Micro Art: Russian Artist Nikolai Aldunin Crafts Tiny Masterpieces You Can Barely See (PHOTOS)

How many artworks can one artist fit into the eye of a needle? The question might sound like the beginning of a bad joke, but it's a legitimate query for the master of miniatures, Nikolai Aldunin. The Russian artist specializes in minuscule sculptures so tiny that he needs a microscope to create them. Using superglue, syringes and a whole lot of patience, he's able to fit seven camels, three palm trees and more into a very small space.


Aldunin's microscopic artwork is inspired by a famous Russian tale about a left-handed man named Levsha whose claim to craftsman fame is that he can fashion horseshoes on a fly. In his miniature masterpieces, Aldunin not only matched Levsha's abilities, he exceeded them -- by creating a tiny saddle and stirrups to match his fly's shoes. (Scroll down for images)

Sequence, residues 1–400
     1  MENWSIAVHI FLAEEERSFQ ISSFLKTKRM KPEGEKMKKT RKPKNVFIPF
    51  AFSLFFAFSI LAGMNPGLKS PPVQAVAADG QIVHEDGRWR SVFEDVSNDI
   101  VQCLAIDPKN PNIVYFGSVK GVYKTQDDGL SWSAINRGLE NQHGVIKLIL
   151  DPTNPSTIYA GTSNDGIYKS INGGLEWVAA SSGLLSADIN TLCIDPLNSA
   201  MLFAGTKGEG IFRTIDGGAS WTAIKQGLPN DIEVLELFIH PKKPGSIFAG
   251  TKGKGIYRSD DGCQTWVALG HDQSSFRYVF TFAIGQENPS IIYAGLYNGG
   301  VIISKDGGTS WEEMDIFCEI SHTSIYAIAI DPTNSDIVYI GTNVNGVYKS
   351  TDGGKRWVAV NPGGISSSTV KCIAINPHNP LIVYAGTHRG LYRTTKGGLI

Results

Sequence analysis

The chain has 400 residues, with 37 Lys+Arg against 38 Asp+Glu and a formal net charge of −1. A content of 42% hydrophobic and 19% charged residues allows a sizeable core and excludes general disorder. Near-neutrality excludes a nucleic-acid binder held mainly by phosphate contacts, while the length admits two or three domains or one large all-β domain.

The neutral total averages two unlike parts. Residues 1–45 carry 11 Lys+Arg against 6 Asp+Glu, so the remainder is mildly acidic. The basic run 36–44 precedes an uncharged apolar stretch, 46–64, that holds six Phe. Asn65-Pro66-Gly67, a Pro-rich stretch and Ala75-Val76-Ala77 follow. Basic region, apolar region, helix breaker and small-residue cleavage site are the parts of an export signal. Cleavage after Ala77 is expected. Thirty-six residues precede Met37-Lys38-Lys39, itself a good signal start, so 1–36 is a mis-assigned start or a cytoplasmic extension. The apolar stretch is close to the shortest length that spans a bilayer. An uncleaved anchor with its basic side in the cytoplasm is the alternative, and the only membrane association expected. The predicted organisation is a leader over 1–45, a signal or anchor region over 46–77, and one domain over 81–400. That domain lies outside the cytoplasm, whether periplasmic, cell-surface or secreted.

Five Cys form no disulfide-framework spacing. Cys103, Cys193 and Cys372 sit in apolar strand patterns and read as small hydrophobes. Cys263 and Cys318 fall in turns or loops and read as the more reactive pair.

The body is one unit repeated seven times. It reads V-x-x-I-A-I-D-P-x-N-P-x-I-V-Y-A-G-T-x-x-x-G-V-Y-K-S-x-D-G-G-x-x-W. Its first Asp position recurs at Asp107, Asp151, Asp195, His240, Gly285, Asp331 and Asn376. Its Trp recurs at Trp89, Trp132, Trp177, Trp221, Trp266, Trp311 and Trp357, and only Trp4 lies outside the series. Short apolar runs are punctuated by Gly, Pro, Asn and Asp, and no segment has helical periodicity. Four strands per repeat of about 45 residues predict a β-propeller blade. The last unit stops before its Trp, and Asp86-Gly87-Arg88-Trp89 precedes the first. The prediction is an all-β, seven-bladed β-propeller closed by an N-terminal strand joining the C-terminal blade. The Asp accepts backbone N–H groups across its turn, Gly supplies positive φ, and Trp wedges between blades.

The homages to Russian lore continue throughout his work. He's engraved a portrait of Leo Tolstoy on a grain of rice and created a barely-there replica of a Russian samovar that's smaller than a granule of sugar. He's also spent weeks tirelessly melding a small, 24-piece model of an AK-47 or "Kalashnikov," the post-war weapon famously designed by Soviet lieutenant general, Mikhail Kalashnikov.

If you are feeling motivated to embark on your own career in tiny works of art, Aldunin has proffered some advice. "You musn't get into a state or worry," he stated to TIME Magazine. "Everything that you feel in your soul is transmitted to your hands."

Scroll through the slideshow below for more of the miniaturist's work as well as video of just how he makes his sculptures so small. Let us know what you think in the comments section.

Micro Art: Russian Artist Nikolai Aldunin Crafts Tiny Masterpieces You Can Barely See